She can't be black. She's experienced prejudice before. Never again. It will not happen to her or to anyone she loves.

She follows her grandfather onto the newest, safest, biggest ship in the world, to learn the truth. The right truth, the one that will save her family.

But after the iceberg, she finds the truth is far more complicated than black and white. More inspiring, more loving. Far more dangerous... And what she'll need to find is not a convenient truth but a new America.

Amazon | Barnes and Noble | IndieBound


"The Titanic still cruises our imaginations...And she has secrets. Sarah Smith knows them and knows how to tell them in this riveting, page-turning novel, a tale unraveling from out of the ignorant past, through that terrible moment of truth on the Titanic, and on toward a hopeful future. Read it and be enthralled." -- WILLIAM MARTIN, New York Times bestselling author of Cape Cod and Bound for Gold:

"You may think you know everything there is to know about Titanic, but Sarah Smith’s 'Crimes and Survivors' carves out a space of its own—while, in the same breath, demarcating a huge swath of America’s history and painting a resonant vision of its future. The result is suspenseful, insightful, moving and highly recommended." -- LOUIS BAYARD, bestselling author of Courting Mr. Lincoln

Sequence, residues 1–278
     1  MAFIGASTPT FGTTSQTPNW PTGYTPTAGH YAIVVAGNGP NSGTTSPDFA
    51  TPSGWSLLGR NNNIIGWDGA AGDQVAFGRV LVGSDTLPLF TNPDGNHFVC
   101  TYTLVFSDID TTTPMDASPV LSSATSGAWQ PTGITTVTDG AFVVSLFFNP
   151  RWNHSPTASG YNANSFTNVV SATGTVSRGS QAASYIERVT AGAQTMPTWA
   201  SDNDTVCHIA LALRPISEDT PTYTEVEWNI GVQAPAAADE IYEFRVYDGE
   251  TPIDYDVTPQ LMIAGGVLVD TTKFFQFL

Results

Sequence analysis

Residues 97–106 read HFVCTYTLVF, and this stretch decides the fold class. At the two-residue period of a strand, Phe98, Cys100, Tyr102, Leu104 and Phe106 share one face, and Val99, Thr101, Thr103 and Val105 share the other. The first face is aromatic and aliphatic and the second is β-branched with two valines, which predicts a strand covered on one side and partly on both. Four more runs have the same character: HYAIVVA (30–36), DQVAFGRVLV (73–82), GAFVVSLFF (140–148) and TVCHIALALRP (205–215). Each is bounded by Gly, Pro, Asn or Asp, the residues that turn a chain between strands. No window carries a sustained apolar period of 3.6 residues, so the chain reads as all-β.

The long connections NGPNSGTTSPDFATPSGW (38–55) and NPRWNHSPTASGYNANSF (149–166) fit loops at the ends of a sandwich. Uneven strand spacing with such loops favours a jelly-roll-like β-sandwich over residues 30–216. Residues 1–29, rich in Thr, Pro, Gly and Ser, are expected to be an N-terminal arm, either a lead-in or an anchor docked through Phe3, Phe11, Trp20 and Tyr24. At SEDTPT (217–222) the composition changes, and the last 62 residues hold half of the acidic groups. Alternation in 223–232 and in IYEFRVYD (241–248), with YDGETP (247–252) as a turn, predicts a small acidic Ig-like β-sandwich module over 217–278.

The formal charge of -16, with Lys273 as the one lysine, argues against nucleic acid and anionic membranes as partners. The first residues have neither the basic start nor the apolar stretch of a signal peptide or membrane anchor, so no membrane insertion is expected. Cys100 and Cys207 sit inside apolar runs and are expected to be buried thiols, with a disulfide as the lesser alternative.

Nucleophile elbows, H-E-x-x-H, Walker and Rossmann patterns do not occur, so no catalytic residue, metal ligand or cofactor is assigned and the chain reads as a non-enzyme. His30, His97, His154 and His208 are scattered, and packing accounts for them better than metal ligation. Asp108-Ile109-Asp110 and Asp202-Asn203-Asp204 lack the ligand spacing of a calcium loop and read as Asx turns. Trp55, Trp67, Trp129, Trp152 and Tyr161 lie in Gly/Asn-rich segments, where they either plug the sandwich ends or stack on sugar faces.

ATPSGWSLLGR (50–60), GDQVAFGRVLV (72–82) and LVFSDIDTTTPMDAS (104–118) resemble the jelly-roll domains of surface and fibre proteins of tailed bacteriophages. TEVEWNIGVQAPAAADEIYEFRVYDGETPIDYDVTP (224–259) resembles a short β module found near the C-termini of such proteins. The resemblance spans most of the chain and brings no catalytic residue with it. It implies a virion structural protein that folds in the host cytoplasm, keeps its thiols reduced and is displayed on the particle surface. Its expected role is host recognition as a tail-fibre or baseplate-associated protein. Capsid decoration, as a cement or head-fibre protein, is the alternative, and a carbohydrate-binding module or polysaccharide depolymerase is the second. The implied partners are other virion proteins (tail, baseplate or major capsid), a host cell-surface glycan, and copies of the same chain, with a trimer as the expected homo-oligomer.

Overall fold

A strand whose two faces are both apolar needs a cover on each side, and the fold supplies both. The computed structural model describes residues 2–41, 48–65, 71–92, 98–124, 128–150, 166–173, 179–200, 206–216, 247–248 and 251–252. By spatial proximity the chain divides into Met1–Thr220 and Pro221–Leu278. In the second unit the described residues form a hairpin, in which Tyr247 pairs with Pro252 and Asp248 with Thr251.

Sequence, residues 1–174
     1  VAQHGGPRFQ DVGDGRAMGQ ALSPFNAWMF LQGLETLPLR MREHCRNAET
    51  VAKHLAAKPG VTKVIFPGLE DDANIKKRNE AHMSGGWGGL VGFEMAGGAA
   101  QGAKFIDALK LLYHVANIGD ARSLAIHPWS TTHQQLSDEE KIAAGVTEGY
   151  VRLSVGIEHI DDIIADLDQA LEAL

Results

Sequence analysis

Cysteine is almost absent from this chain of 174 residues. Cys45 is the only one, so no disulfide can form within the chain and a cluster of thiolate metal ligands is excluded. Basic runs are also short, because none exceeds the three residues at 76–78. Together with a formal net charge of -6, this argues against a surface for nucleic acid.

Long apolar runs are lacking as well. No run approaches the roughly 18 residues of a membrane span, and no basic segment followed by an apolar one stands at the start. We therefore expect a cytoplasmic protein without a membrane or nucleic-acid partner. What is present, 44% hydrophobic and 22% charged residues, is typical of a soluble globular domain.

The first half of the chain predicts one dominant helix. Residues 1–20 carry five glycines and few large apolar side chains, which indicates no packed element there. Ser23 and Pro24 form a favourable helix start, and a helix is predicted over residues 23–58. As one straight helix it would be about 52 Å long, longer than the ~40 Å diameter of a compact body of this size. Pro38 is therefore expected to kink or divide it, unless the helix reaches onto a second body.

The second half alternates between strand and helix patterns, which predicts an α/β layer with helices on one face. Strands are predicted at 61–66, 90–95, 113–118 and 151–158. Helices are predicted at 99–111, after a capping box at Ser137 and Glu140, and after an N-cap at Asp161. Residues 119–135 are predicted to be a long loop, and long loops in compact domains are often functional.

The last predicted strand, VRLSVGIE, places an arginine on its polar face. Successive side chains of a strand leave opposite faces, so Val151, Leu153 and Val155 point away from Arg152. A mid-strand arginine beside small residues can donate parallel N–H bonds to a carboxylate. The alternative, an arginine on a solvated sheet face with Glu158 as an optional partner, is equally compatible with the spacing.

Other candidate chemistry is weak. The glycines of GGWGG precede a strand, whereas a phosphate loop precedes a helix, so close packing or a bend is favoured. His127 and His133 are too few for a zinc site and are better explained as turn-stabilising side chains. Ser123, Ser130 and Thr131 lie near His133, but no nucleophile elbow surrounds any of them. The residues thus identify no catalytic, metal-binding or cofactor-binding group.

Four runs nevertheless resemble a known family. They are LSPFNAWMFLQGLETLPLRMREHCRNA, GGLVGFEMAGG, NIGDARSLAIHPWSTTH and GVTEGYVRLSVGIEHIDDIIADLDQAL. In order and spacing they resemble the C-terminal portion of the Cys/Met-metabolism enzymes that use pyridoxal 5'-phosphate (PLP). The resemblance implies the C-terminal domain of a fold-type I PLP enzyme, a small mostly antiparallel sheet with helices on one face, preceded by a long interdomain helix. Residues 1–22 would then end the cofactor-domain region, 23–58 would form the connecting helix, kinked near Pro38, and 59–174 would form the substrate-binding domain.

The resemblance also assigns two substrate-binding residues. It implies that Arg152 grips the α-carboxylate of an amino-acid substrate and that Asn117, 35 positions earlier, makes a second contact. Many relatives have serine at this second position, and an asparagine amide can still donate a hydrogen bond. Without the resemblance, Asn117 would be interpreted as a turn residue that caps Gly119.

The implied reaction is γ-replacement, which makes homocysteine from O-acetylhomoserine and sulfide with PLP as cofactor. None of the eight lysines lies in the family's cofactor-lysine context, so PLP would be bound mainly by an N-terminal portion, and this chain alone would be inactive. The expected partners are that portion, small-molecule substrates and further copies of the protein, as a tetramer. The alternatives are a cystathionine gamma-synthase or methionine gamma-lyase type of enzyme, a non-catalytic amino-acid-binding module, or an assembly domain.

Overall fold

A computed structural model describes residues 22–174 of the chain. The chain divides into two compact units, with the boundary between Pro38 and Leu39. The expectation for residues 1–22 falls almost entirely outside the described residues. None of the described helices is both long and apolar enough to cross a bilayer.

"For those of us who have been hoping for a new tale of intrigue featuring Sarah Smith’s star-crossed couple Alexander Reisden and Perdita Halley, the wait is over! Smith’s new installment, Crimes and Survivors, takes readers aboard the Titanic and to Jim Crow-era America for a thrilling and romantic literary mystery that unflinchingly examines issues of race and identity, love and family, and the danger and beauty of uncovering long-hidden truths." -- SARAH STEWART TAYLOR, author of the Sweeney St. George mysteries and The Mountains Wild

"Come for the rich prose, meticulous research, and vibrant characters. Stay for the heart-stopping mystery. Sarah Smith's fresh take on the doomed Titanic sailing is filled with twists and turns and will enthrall both new readers and longtime fans of the Vanished Child series!" -- EDWIN HILL, Edgar and Agatha-nominated author of Little Comfort and The Missing Ones

About the Author

Sarah Smith started telling stories as a child in Japan. Her sitter would tell her ghost stories at night, and the next morning she’d act them out on the school bus for an audience of terrified five-year-olds. Back in America, she lived in an unrestored Victorian house, where every morning she would help her grandmother haul coal and break sticks into kindling to light the household stove. She’s loved storytelling and history ever since.